The National lung Screening Trial has demonstrated that a 20% reduction in lung cancer mortality is associated with routine LDCT screening of older individuals with a heavy smoking history, but of the patients that had a positive screen for lung cancer based on lung nodules detected, approximately 96% proved to be false positives. These statistics highlight two unmet medical needs required to maximize the diagnostic potential of LDCT: 1) the development of diagnostic platforms that will distinguish malignant from benign nodules identified by routine LDCT, and 2) the development of inexpensive, non-invasive methods that can identify at risk individuals who would benefit from follow up with LDCT. The proposed research in Project 1 capitalizes on technical advances for assaying gene expression and abundant prior evidence that tumors are highly interactive with the immune system. Our previous studies demonstrated that it is possible to diagnose early-stage lung cancer with 90% sensitivity and 80% specificity using gene expression signatures from PBMC. The proposed research translates the PBMC diagnostic to a more clinically viable sample collection platform with the additional goal of increasing accuracy and assessing immunological processes affected by the presence or removal of a lung tumor. We present preliminary studies that support the hypothesis that this can be done. We have enriched the signature development process by assessing both mRNA and miRNA expression profiles to assess complimentary mechanisms for regulating gene expression and will also integrate Natural Killer cell and Myeloid cell markers associated with prognosis. We also introduce in Project 2 an assay for tumor associated antigens, the cancer testis antigens (CTAs) also associated with circulating tumor cells, cancer cell derived exosomes or other potentially important cells such as cancer stem cells. We provide strong preliminary evidence that detection of the mRNA for the CTA AKAP4 in PBMC derived RNA is possible and that detection is very highly correlated with the verified presence of a lung tumor. Strong preliminary results are presented for both projects. We also propose to integrate and expand the signatures from these 2 studies and assess accuracy on a single reliable platform that can assess both mRNA and miRNA expression, and is already FDA approved for a breast cancer prognosis signature, the nCounter from Nanostring.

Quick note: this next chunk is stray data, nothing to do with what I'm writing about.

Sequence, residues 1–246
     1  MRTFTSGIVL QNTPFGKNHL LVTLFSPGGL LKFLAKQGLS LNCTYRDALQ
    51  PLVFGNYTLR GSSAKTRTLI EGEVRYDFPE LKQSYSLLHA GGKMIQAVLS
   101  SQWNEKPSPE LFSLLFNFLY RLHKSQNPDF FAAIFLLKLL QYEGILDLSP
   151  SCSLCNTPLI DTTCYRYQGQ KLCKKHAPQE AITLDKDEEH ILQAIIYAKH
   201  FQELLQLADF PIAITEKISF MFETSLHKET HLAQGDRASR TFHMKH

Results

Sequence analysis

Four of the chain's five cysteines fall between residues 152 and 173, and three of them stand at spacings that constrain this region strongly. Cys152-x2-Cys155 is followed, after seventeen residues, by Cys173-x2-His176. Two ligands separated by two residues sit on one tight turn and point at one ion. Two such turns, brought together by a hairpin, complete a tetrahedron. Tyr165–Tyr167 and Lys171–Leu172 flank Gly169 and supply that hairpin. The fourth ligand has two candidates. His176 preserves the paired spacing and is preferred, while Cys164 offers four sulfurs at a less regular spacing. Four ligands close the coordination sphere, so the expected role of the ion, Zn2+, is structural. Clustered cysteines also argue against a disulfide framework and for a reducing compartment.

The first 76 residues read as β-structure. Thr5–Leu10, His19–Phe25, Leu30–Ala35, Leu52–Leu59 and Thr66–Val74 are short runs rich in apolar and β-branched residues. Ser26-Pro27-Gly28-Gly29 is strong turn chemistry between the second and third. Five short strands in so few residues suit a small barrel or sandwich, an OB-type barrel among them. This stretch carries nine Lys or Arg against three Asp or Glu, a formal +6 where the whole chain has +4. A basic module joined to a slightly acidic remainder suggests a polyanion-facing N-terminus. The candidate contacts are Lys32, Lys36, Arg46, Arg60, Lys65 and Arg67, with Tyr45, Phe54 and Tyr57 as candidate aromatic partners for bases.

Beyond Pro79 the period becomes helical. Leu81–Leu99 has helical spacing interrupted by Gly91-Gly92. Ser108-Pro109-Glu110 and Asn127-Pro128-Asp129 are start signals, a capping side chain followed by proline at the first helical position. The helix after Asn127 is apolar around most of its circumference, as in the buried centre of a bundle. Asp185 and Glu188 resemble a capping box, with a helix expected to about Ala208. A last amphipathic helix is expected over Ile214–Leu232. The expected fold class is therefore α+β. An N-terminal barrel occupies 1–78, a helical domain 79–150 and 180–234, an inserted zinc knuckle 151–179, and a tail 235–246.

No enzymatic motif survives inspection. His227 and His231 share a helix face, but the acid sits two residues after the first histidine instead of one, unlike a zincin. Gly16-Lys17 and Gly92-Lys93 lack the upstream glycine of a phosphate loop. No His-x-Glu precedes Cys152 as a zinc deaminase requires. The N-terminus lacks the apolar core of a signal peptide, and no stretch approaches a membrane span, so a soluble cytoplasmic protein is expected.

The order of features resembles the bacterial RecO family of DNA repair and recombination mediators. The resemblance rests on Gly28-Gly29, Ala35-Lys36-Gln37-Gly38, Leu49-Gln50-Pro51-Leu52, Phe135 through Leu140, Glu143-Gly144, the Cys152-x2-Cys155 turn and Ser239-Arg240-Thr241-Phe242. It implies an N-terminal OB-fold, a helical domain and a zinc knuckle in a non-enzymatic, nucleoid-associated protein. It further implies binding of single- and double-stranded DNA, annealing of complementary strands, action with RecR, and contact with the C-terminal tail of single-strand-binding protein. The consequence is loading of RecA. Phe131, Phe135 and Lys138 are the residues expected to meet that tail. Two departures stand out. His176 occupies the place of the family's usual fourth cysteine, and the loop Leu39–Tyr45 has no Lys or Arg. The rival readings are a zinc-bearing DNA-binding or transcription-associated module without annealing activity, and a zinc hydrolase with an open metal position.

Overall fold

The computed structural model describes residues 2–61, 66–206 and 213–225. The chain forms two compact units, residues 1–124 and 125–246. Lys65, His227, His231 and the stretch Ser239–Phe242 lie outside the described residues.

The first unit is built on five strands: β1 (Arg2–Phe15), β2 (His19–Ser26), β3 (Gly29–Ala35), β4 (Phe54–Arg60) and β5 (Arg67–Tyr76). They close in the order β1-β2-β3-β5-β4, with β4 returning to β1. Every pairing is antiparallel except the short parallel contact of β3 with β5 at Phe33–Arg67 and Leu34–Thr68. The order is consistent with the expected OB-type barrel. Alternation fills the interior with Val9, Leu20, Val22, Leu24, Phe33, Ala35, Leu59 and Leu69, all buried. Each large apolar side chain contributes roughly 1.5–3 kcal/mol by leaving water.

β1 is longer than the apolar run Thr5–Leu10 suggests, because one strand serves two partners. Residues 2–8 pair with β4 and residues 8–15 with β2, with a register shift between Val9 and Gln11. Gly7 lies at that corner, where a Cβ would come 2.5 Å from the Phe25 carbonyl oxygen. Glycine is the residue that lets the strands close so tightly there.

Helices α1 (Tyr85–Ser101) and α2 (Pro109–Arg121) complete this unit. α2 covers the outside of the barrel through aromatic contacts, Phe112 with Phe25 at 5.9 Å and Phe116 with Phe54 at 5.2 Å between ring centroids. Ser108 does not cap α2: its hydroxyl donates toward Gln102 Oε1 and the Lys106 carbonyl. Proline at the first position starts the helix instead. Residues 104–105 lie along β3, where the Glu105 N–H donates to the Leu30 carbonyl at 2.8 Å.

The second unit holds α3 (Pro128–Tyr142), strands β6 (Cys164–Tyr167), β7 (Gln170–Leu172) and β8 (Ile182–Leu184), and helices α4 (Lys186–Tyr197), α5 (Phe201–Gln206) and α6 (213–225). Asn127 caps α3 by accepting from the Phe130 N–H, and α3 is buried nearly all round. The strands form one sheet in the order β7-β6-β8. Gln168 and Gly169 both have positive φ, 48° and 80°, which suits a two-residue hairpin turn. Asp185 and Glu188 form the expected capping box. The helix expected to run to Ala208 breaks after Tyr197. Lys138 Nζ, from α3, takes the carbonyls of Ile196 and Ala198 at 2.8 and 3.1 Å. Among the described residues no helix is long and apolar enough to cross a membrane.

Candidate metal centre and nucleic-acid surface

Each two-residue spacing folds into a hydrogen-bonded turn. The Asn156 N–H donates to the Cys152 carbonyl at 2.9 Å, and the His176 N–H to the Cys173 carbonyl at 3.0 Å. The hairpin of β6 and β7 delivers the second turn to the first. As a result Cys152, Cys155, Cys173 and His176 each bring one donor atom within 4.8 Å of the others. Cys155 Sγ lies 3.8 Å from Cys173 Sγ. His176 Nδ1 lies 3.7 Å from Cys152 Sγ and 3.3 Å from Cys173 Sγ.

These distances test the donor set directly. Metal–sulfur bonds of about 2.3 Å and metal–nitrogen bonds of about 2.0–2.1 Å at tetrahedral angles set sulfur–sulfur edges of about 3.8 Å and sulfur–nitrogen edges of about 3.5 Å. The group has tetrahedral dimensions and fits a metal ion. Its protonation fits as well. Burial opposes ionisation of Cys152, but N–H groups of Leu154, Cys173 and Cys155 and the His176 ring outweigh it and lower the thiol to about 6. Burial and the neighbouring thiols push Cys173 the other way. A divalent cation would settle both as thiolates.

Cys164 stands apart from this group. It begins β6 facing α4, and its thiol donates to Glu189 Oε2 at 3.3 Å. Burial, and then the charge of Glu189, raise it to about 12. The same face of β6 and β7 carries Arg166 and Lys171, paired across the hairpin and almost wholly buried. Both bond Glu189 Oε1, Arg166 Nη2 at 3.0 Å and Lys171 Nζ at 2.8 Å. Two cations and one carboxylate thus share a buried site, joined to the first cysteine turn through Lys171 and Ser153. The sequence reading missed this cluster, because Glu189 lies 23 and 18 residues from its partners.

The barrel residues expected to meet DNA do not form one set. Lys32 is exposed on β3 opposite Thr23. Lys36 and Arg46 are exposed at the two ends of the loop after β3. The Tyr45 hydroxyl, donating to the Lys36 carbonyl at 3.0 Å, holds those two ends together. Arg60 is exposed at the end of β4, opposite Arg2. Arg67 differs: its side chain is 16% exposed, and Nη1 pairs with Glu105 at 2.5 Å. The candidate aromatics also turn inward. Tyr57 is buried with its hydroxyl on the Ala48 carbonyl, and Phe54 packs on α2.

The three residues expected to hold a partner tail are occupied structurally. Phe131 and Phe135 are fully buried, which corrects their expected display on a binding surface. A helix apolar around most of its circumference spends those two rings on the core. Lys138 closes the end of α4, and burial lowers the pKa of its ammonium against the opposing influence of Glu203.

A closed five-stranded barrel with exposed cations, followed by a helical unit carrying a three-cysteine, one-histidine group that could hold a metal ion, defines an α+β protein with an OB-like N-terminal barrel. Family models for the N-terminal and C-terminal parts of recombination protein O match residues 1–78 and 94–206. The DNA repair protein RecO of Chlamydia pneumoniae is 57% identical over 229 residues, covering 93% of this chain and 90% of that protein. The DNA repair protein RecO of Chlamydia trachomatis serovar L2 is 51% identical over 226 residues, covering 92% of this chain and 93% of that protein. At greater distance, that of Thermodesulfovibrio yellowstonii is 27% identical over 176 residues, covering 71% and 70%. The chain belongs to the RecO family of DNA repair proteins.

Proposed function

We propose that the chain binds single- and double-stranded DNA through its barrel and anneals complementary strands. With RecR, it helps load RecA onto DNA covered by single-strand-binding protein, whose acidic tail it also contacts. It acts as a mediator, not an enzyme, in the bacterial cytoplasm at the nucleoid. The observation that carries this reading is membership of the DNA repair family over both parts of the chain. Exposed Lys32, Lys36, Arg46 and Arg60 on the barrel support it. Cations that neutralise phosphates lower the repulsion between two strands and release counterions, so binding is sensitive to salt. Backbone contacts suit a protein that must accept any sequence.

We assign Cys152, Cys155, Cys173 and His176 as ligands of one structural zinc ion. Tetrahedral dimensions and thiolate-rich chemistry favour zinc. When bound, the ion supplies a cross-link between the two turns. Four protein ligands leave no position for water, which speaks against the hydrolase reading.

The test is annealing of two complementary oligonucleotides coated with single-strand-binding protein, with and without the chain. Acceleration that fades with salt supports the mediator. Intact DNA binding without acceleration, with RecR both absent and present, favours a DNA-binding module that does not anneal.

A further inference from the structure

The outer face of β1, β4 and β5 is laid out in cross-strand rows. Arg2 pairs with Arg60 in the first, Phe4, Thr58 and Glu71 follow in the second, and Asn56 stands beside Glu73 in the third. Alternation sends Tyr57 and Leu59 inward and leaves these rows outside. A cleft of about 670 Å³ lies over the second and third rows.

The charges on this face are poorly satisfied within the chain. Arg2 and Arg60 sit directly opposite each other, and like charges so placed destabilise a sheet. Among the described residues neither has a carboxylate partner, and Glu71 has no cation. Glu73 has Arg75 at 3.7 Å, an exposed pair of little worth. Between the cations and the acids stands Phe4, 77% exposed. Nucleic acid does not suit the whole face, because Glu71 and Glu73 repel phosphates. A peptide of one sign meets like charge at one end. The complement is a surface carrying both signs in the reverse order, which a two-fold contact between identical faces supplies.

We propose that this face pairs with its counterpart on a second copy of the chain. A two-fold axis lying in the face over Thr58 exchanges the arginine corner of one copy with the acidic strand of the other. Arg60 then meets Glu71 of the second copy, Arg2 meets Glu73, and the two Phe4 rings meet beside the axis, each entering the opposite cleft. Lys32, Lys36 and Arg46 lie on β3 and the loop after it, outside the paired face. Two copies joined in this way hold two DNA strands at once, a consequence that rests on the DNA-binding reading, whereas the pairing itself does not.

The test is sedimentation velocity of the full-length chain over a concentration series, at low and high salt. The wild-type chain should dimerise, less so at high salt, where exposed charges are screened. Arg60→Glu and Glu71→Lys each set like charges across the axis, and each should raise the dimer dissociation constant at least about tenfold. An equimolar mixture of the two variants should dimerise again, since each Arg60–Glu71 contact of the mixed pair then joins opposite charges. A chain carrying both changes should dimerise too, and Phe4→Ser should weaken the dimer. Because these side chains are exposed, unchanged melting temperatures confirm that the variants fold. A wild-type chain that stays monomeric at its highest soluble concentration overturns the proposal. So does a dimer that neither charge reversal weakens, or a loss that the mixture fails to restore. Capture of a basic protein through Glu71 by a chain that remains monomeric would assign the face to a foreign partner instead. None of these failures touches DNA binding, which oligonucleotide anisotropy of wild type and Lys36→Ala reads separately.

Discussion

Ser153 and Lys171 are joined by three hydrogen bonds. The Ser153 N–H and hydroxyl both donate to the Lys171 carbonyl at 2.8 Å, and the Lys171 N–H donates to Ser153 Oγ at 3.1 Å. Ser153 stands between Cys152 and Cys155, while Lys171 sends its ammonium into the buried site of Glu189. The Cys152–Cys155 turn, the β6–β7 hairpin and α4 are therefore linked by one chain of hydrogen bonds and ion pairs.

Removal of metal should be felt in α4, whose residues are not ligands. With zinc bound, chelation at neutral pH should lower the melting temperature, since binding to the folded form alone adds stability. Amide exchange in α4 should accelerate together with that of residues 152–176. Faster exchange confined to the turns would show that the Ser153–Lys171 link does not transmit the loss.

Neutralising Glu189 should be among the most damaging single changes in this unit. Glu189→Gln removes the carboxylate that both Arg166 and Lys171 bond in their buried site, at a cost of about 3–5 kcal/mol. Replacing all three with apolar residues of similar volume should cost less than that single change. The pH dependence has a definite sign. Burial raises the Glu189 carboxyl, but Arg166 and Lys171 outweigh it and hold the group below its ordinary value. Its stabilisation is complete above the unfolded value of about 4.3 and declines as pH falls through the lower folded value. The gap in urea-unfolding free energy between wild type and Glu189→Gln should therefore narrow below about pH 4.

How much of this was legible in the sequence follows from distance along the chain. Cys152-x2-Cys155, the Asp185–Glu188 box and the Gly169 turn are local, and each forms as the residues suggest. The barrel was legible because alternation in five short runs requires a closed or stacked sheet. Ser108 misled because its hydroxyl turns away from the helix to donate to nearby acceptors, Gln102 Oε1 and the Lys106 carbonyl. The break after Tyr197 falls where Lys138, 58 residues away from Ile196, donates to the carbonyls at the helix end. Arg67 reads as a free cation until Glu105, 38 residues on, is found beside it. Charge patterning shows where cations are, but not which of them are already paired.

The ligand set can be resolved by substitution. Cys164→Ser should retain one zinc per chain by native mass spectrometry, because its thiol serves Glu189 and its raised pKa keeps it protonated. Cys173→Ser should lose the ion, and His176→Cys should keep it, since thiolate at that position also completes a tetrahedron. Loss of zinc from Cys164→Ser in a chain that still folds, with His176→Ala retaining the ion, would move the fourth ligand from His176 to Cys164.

This project proposes to develop a non-invasive test that uses a common blood sample that will distinguish whether lung nodules detected by routine CT scans are malignant or benign with high accuracy.
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